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debian stretch kernel compile

debian kernels contain everything needed by everyone. customising your kernel is easy and highly recommended. i recommend using the same kernel version/source, to comply with debian security/updates.

ubuntu phone touch emulator

disappointed with android bloatware getting worse, incompatible releases, and an unstable roadmap, i am seriously considering a proper linux mobile device.

wpa_gui

how did i not discover this earlier :? such an efficient tool! no loitering binary/cryptic config files all over the system, or bloatware dependencies like networkmanager.

NetworkManager (again) and Xubuntu

I now recommend Xfce to n00bs yet undecided on exactly which WindowManager they need.
NetworkManager seems to be very temperamental, if you do use that Gnome bloatware!

grub rescue btrfs ubuntu

to play more seriously with yet another distro, i needed to install it. so i had some fun resizing/moving partitions around to clear some freespace for a new partition. during this, the partition numbering changed. i couldn't boot ubuntu's btrfs partition. i didn't understand why, till i discovered that partition numbers are hardcoded into the grub boot record.. even though grub cfg contains only labels or uuids. tsk tsk! yet another reason why i seem to be going off grub2.

slackware netinstall

you won't see many docs about minimal netinstall slackware. indeed, you will see many experts saying there is no such thing. and your only option is to download the entire lot. sad, i know!

the official slackware recommendation is to install everything, even if you want a minimal system, and then uninstall what you don't want. the recommendation is to download the install dvd(?) or a few cds. there are no docs (or i couldn't find any) for netinstall.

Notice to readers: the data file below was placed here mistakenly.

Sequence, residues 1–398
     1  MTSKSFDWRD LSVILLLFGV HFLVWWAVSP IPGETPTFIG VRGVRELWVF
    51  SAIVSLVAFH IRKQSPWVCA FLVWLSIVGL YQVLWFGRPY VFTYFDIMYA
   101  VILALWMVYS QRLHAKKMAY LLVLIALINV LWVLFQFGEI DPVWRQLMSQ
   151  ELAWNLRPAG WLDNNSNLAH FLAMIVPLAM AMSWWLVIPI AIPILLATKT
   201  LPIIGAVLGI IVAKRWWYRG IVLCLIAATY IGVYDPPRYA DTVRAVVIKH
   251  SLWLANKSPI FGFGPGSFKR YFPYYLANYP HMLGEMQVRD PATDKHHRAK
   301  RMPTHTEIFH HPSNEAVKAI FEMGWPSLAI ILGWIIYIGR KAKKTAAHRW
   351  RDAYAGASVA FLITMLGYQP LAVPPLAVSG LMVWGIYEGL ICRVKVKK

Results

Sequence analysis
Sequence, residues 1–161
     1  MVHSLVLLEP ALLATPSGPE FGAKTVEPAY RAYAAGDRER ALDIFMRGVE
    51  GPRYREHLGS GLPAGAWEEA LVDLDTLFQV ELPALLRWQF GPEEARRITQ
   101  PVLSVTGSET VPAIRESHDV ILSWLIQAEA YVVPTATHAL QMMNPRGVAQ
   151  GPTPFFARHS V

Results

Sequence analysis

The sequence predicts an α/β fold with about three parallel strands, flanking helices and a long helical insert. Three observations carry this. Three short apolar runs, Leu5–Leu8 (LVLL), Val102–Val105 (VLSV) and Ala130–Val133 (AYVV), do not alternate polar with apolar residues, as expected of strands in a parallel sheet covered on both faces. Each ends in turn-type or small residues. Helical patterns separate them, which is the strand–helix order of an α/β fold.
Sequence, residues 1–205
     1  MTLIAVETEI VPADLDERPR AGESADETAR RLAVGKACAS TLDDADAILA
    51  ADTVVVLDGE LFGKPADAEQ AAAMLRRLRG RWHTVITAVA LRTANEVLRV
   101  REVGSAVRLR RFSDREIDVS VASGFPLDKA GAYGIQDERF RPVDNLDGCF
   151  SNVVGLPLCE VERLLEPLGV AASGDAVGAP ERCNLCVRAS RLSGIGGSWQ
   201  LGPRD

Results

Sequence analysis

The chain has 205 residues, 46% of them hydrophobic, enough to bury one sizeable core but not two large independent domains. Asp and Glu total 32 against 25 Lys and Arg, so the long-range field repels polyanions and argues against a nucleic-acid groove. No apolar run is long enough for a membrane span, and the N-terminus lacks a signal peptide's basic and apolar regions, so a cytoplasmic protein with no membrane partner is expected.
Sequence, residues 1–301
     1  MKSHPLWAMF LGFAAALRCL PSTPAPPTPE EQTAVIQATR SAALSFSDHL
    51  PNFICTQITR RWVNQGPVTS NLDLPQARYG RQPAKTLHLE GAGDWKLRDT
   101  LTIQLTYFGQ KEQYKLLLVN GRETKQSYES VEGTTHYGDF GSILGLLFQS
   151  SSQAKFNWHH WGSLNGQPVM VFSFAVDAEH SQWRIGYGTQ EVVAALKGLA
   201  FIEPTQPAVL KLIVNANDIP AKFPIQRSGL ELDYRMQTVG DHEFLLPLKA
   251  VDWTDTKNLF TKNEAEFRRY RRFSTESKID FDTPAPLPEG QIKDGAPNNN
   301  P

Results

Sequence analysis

slackware can be installed over the network without downloading that humunguous recommended dvd. not everyone wants gnome, kde, etc. netinst is most efficient, particularly if you need a minimal install and know what you want.

if you don't have a dvd-drive to boot, then you are not left with much choice. you also need to consider, if bandwidth is an issue. do you need to download that whole dvd content, if you are only installing a minimal system?

however, if you are a slackware newbie, you might install multiple times before you get it right. in that case, a one-time download might be more efficient. still, unless one is installing all the bells n whistles, an entire dvd is still is a bit ott!

slackware netinstall

choose a nearby mirror from http://mirrors.slackware.com/mirrorlist/
ps: the main mirrors - slackware.org | slackware.org.uk - are throttled and may ban you, if you connect multiple times. so choose another mirror.